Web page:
Close to the beginning of October, writers received an upbeat forum thread announcing “exciting news.” In essence, DMS had decided to divide writers into two camps: Those with scores averaging 4 and above for their most recent 50 articles of the past month and those with scores below 4. The writers with scores of 4 and over would receive a “first look” opportunity at titles being dropped into the assignment pages. This “first look” would last for 48 hours. After this time, any titles remaining in the assignments pages would go to non-First Look writers. Just before F.L. went into effect, every writer, regardless of his or her title claim limit, saw that limit dropped to 10 titles.

Given the tiny size of title drops and the difficulty of these titles, non-F.L. writers were upset. “Where am I going to write to earn money? I’ve been laid off!”

In fairness to the writers selected for F.L. (affectionately called “Flook”), titles continue to be scarce. While they have the first look and grab opportunity, most titles were incorrectly categorized. Rather than being assigned to the Topic View category, they were assigned to How To, but their titles suggested the TV format. In addition, many cannot be written because research from allowable research sites is nonexistent.

Inclusion in F.L. is based on a “rolling” score – writers whose scores drop are removed from the program while non-F.L. writers whose scores increase sufficiently for the month find themselves included. Pressure for both groups of writers is intense.

In addition, several of the writers, myself included, have been urging writers throughout the Studios to line up non-DMS clients, both online and offline. Some heeded this advice – others didn’t. Those who didn’t are the angriest – and the most frightened.

I am not going to copy and paste posts from the forums. Aside from the fact that this goes against DMS terms of service, it’s just wrong. I will say that writers on both sides of the “green line” are angry and scared.

Free Digital Photos Credit Danilo Rizzuti

 

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Comments on: "Inside the (Virtual) Hallways of Demand Media Studios" (2)

  1. I believe you summed up the last few months’ happenings at DMS very well. I’m sure the coming months will bring even more developments, and in my gut, I have a feeling it will all come to its inevitable conclusion when the calendar turns over to 2012…

  2. Wow, Barbara, this sums it up so well. The only thing I would add is that many of the writers just didn’t look at the writing that was on the wall as far back as February. Kaitlyn posted a note in the Studio News forum with a very telling sentence: she wrote about “a new model that will help us to more easily match creators to assignments that fit their areas of expertise.”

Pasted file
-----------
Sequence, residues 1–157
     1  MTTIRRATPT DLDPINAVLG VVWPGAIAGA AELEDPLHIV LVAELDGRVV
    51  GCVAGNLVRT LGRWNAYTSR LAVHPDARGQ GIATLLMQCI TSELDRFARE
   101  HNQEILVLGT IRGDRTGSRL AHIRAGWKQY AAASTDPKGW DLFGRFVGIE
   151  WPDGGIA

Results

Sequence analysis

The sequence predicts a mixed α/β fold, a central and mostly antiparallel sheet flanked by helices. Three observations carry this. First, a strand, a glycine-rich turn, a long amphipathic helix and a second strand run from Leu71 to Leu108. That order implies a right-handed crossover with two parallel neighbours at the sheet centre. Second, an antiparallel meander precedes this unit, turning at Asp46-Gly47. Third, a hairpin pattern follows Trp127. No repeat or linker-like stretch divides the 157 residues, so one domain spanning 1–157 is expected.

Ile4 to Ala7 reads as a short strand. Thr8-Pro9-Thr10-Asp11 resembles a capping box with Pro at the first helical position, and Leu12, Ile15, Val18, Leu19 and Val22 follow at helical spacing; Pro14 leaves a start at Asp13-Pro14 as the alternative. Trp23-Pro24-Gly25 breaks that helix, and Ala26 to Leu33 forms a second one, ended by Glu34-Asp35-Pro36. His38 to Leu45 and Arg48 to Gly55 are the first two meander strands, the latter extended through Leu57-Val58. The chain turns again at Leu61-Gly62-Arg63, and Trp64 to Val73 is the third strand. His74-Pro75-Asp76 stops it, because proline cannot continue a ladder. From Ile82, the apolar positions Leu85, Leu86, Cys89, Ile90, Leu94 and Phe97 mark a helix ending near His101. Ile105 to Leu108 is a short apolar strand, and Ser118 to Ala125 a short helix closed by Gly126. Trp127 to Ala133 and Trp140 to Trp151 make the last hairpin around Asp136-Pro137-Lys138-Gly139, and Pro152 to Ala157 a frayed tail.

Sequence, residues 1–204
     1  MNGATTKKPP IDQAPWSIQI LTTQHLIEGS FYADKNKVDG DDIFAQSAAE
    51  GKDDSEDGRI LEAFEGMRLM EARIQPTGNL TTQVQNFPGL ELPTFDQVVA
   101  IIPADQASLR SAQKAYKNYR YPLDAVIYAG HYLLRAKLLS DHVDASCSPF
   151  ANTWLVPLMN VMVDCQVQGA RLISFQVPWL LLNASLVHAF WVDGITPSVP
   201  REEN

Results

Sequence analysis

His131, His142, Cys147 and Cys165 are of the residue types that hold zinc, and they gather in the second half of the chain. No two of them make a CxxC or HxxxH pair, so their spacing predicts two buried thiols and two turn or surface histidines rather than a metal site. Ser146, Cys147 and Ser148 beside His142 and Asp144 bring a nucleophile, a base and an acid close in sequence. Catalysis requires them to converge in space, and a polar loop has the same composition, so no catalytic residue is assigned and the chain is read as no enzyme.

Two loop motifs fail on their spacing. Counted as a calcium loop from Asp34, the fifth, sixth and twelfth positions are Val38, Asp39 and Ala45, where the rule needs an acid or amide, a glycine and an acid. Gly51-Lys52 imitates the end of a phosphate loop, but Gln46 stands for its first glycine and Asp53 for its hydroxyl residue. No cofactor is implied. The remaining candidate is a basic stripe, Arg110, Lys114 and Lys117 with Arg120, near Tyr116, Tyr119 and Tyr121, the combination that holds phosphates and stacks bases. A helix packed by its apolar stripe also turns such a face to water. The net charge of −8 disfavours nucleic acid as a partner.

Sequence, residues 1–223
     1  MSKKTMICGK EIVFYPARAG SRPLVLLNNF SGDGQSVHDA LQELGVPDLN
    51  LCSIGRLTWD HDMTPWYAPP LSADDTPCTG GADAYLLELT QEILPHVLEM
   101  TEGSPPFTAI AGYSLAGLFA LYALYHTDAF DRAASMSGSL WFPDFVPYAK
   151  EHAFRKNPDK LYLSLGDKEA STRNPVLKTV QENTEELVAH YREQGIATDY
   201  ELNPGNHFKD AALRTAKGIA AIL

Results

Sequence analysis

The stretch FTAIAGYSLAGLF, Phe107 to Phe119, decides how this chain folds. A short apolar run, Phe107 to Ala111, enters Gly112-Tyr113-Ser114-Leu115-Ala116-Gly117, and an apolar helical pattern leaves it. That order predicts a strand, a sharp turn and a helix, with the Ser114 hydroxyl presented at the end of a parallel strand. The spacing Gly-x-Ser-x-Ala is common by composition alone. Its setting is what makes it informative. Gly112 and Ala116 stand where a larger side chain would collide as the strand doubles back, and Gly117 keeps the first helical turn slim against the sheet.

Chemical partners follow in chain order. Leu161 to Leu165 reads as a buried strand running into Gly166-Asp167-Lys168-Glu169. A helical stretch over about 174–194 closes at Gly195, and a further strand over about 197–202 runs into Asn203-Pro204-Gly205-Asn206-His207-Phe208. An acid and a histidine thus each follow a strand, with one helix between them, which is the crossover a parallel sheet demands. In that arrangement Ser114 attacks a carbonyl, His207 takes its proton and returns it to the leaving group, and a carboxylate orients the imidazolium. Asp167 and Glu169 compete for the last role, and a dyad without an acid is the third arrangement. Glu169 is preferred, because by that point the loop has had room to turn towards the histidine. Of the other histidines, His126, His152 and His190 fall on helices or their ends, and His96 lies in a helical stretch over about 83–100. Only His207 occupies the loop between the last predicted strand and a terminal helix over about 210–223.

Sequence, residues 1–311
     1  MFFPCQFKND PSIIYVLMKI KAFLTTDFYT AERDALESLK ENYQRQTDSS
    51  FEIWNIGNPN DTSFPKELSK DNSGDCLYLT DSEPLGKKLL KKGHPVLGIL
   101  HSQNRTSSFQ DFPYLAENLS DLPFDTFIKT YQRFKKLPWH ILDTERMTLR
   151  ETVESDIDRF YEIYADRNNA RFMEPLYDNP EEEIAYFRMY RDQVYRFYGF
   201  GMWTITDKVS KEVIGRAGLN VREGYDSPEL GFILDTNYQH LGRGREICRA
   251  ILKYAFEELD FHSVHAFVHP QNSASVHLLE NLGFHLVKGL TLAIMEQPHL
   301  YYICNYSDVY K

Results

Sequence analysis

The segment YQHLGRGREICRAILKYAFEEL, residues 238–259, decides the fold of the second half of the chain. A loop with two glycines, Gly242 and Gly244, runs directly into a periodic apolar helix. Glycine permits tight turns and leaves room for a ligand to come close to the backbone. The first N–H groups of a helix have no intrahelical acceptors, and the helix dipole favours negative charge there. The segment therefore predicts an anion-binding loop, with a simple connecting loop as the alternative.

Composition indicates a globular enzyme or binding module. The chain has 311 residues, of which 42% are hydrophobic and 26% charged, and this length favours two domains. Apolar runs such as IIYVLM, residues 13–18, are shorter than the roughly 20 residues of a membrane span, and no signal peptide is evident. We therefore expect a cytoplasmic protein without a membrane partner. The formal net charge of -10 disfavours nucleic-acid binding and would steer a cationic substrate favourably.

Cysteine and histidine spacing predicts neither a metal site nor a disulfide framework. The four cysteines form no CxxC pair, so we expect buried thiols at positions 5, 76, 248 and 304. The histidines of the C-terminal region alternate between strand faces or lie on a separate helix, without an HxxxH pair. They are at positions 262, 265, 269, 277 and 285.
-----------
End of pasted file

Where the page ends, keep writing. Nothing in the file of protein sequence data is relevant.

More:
That was the beginning point as far as I recall. Since then there have been other posts and emails from the company that stressed the importance of having a nice specialty or an area of expertise. Such as the one that stated “ultimately the work and opportunities will grow for our best writers and editors. . .We are also excited to completely execute on our vision of having the most qualified writers and editors working on titles within their areas of expertise.” That’s the one that told me, in no uncertain terms, that generalists should probably start seeking out other clients.

    Then, in the weeks before First Look was implemented: ” “But it does mean that we will have fewer eHow.com assignments for the foreseeable future.” Oops. In case you didn’t get the message before, if you’re a generalist you should be seriously looking for other work.

    Finally, just before the First Look announcement, there was this, and it was an item set off with a bullet, no less, so it was meant to get our attention: “That every article is written and copy edited by a qualified professional with background, knowledge or experience in the topic.”

    So, while I do feel for the generalist, confined to only eHow titles, the writing has been on the wall for some time. A lot of us chose to not pay heed to the warnings. A lot of us are now paying.

    Thanks for an informative post.